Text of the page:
Police Say Woman Was Drunk When Family SUV Drove Off Calif. Cliff - NBC Connecticut
National & International News
The day’s top national and international news

Police Say Woman Was Drunk When Family SUV Drove Off Calif. Cliff

Toxicology tests found Jennifer Hart had an alcohol level of 0.102, said California Patrol Capt. Bruce Carpenter

    processing...

    NEWSLETTERS

    Connecticut Needs Volunteer Firefighters
    CHP
    An SUV plunged off a cliff in Mendocino County, killing eight members of a family.

    A woman who drove off a Northern California cliff last month in an SUV carrying her wife and children was drunk, authorities said Friday.

    Toxicology tests found Jennifer Hart had an alcohol level of 0.102, said California Patrol Capt. Bruce Carpenter. California drivers are considered drunk with a level of 0.08 or higher.

    Toxicology tests also found that her wife Sarah Hart and two of their children had "a significant amount" of an ingredient commonly found in the allergy drug Benadryl, which can make people sleepy. Toxicology results for a third child killed are still pending, Carpenter said.

    Carpenter said none of the car's occupants were wearing seatbelts.

    Sarah and Jennifer Hart and their six adopted children were believed to be in the family's SUV when it plunged off a cliff in Mendocino County, more than 160 miles north of San Francisco.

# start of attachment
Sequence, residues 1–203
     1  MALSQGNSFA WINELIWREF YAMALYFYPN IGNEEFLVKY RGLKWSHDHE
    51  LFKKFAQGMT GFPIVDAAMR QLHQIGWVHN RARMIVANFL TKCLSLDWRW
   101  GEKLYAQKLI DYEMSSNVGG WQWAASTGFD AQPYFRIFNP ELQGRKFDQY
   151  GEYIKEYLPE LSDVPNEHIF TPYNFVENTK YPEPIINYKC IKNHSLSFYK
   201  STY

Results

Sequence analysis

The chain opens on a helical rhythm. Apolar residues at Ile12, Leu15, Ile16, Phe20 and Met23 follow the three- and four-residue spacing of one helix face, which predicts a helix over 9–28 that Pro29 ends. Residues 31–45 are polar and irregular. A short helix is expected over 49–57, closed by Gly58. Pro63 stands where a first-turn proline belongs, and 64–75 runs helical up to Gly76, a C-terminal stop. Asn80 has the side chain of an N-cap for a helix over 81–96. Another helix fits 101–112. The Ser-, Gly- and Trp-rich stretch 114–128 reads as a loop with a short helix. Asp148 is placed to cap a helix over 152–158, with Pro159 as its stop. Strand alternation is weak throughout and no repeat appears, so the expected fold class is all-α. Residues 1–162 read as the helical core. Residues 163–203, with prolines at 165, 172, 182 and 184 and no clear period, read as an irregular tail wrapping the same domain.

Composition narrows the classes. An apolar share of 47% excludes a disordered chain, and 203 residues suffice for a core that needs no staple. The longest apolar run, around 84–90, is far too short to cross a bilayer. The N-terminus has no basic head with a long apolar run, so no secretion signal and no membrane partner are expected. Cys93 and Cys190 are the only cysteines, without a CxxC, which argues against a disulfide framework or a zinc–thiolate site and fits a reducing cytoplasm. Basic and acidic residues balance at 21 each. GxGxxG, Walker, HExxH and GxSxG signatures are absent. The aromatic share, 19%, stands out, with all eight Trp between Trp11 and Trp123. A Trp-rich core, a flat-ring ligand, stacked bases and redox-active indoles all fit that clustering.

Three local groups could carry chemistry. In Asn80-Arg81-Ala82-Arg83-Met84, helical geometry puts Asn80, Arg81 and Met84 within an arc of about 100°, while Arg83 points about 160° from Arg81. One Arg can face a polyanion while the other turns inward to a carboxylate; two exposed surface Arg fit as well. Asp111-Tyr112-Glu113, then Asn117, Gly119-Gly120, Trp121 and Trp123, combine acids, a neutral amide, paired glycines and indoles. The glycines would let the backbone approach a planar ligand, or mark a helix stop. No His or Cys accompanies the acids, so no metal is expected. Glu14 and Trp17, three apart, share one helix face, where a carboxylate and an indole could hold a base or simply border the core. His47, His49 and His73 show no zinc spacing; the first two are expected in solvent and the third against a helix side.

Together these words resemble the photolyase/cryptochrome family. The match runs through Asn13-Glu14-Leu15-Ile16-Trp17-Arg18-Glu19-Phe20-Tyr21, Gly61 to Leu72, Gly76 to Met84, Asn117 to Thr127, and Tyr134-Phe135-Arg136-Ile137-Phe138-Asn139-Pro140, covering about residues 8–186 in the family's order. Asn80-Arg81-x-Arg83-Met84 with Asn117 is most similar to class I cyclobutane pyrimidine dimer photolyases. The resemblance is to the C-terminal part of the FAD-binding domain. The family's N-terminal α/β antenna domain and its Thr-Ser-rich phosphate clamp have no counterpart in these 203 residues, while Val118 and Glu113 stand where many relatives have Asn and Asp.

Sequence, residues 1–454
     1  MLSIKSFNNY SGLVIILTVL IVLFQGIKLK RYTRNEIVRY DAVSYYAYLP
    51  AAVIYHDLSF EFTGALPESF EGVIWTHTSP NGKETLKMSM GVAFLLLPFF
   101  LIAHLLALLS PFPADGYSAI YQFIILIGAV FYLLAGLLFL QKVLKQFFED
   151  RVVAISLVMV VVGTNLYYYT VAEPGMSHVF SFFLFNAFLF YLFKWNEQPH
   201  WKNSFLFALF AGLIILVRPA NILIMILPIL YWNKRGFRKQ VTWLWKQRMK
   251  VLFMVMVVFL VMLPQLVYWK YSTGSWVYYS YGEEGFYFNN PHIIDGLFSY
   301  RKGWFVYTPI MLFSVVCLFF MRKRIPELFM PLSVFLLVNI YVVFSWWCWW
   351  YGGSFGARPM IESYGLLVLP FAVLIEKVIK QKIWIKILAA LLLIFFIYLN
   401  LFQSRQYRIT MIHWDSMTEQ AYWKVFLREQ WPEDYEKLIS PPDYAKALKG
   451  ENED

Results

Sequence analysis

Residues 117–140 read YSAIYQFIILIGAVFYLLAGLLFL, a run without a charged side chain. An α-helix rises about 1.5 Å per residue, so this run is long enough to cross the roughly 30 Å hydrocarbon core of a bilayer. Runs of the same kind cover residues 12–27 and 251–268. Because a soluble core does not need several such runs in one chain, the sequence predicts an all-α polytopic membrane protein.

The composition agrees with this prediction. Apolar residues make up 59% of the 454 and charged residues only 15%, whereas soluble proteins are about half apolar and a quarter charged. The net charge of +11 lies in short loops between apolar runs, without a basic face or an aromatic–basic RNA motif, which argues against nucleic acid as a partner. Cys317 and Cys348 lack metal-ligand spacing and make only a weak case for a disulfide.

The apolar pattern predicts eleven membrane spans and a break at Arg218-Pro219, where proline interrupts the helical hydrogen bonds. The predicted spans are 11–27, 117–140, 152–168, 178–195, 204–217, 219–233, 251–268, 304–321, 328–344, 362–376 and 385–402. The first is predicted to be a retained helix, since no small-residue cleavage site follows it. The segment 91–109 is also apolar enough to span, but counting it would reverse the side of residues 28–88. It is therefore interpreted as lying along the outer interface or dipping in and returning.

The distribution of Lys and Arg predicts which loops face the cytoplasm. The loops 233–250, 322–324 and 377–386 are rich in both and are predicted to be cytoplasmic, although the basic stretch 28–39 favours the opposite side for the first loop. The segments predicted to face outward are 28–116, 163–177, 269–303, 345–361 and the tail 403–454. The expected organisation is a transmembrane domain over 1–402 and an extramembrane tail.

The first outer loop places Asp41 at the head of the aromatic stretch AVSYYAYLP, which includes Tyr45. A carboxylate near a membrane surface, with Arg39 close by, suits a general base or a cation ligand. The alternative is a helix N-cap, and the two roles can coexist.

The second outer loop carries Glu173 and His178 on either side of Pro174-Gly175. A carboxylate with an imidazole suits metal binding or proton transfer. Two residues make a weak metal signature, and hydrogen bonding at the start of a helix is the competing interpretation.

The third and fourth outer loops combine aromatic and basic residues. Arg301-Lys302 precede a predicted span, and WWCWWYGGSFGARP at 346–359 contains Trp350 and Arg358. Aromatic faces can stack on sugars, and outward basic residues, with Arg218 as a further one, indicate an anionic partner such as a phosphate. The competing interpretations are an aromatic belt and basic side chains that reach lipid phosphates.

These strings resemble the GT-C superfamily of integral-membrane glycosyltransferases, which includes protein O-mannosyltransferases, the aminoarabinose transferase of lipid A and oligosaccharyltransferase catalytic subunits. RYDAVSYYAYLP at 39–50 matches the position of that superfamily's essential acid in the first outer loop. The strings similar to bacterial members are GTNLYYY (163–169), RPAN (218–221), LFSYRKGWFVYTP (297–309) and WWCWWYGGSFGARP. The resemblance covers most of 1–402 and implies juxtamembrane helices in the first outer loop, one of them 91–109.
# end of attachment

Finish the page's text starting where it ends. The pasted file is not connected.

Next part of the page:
Authorities have said that data from the vehicle's software suggested the crash was deliberate, though the California Highway Patrol has not concluded why the vehicle went off an ocean overlook on a rugged part of coastline. A specialized team of accident investigators is trying to figure that out with help from the FBI, Carpenter said.

    Five bodies were found March 26 near the small city of Mendocino, a few days after Washington state authorities began investigating the Harts for possible child neglect, but three of their children were not immediately recovered from the scene.

    Two more are missing and another body has been found but not identified.

    The 100-foot drop killed the women, both 39, and their children Markis Hart, 19; Jeremiah Hart, 14; and Abigail Hart, 14. Hannah Hart, 16; Devonte Hart, 15; and Sierra Hart, 12, have not been found.